View From Lodi, CA Pittsburgh, PA: As Joe Mauer Might Say, Money Isn`t Everything
March 26, 2010, 04:00 AM
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I have more admiration for Joe Mauer, the Minnesota Twins' starting catcher and 2009 Most Valuable Player than any other public figure I can think of.

Last week, Mauer signed an eight-year contract with the Twins that will pay him $184 million. To understand why a newly minted, multimillion dollar baseball player should be worthy of anyone's lasting admiration, you have to know more about Mauer.

Unlike so many of today's baseball stars who conduct coast-to-coast negotiations in pursuit of the last dollar, money doesn't interest Mauer.

As eye-popping a sum as $184 million is, Mauer could easily have earned more. Speculation among insiders is that if Mauer had filed for free agency two of baseball's richest teams, the Boston Red Sox and New York Yankees, would have entered into a bidding war for his services.

The expert's consensus is that Mauer would have landed a $30 million contract for no less than 10 years. Had he signed with the Yankees, Mauer would have earned tens of millions more in endorsements and personal appearance fees.

As an additional, non-monetary bonus Mauer is a bachelor so you can imagine what a stir that would create among the super models in celebrity crazy Manhattan.

What would compel a 27-year-old man to turn his back on a guaranteed $300 million, $116 million less than he committed to with the Twins?

There's lots reasons, none of them having to do with money.

Mauer was born in St. Paul and grew up a Twins fan. During the 1991 Twin World Series victory over the Atlanta Braves, Mauer rooted for Hall of Famer Kirby Puckett and for another local Minnesota-born star, Kent Hrbeck.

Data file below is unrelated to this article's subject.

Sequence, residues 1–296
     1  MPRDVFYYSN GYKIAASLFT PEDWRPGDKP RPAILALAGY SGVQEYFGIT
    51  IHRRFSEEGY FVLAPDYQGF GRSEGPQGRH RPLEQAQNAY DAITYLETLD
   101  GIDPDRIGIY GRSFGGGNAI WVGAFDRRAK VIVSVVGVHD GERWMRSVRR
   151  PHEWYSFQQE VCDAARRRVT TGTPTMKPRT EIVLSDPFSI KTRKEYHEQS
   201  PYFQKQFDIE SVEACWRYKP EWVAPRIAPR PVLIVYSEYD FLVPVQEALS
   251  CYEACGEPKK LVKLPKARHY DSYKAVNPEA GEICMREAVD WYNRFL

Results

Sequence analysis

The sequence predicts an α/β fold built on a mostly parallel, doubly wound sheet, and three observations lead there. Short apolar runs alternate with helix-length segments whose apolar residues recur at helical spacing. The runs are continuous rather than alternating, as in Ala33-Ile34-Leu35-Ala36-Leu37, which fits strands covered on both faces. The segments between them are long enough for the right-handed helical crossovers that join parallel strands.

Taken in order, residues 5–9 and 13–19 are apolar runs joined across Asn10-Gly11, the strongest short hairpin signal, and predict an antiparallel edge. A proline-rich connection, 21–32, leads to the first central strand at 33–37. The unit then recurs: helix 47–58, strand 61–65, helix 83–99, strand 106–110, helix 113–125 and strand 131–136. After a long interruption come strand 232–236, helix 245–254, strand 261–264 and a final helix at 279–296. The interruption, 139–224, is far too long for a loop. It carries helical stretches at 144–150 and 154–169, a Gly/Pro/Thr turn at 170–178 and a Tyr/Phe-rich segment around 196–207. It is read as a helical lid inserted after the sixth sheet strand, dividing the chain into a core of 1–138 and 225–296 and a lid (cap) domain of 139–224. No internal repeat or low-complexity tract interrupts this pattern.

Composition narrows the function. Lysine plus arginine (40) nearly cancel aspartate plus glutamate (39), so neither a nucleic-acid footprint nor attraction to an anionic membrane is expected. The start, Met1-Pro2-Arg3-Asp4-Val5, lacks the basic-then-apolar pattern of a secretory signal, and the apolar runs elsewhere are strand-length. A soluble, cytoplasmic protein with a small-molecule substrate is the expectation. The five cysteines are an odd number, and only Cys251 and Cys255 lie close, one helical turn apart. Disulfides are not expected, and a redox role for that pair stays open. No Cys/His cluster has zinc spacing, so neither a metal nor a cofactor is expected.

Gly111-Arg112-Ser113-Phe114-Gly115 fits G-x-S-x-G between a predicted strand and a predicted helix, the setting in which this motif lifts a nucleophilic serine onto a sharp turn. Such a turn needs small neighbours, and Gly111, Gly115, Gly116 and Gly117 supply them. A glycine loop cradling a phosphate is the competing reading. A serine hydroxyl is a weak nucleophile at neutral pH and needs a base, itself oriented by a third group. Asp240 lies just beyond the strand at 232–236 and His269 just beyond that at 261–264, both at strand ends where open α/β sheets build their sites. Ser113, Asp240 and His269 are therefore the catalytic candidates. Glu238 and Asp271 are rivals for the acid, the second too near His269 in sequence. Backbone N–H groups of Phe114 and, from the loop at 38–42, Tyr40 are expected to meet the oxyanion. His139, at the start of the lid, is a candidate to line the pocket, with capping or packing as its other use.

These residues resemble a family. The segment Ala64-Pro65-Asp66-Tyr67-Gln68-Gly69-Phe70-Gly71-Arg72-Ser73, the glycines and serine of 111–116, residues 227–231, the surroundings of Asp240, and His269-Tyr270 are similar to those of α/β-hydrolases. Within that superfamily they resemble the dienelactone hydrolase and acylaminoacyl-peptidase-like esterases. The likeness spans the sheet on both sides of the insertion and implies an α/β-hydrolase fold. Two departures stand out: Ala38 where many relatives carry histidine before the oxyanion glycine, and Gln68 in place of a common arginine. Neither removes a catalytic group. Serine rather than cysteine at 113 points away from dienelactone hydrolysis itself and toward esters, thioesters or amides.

In high school, in addition to baseball, Mauer played basketball and football. Mauer became the only athlete named by USA Today as high school player of the year in two sports, baseball and football.

Then, in 2001, the Twins made Mauer its number one pick in the entire baseball draft. From that point on, Mauer launched into a path of local heroism that has no end in sight.

Along his path, Mauer accumulated three batting titles, three All-Star game selections, two Gold Gloves and in a near unanimous vote the MVP award. Mauer may have captured more American fans' hearts than any player since Mickey Mantle.

In short, Mauer may be the best catcher ever to play the position.

Last November, Mauer became the fifth MVP in Twins history. How he celebrated tells still more about Mauer than his baseball statistics. As far as Mauer was concerned, best idea was to bring every relative he could round up to the news conference.

They all showed up: parents, grandparents, brothers, nieces — all of them proud Minnesotans.

When Mauer signed his multimillion dollar contract, his agent Ron Shapiro invited him to dinner at the restaurant of his choice.

Mauer deferred and suggested instead that they pick up Italian take out so they could bring it home to share with his family.

With all the stories about greedy and misguided athletes dominating the sport page, Mauer's story is refreshing.

For baseball fans of long standing like me, Mauer's contract is mindful of another era when top players stayed with their team for their entire careers. To name a few, they include Henry Aaron, Ernie Banks, Stan Musial, Roberto Clemente, Ted Williams and the aforementioned Mantle.

Stars who found themselves unexpectedly traded suffered from shock was often too much for them to bear.

When, for example, Jackie Robinson learned that the Brooklyn Dodgers traded him to the New York Giants, he quit baseball rather than report to his most hated rival.

In a world where the daily events rarely provide either comfort or a sense of stability, it's reassuring to know that at least through 2018 Joe Mauer, will be a Minnesota Twin.

Joe Guzzardi [email him] is a California native who recently fled the state because of over-immigration, over-population and a rapidly deteriorating quality of life. He has moved to Pittsburgh, PA where the air is clean and the growth rate stable. A long-time instructor in English at the Lodi Adult School, Guzzardi has been writing a weekly column since 1988. It currently appears in the Lodi News-Sentinel.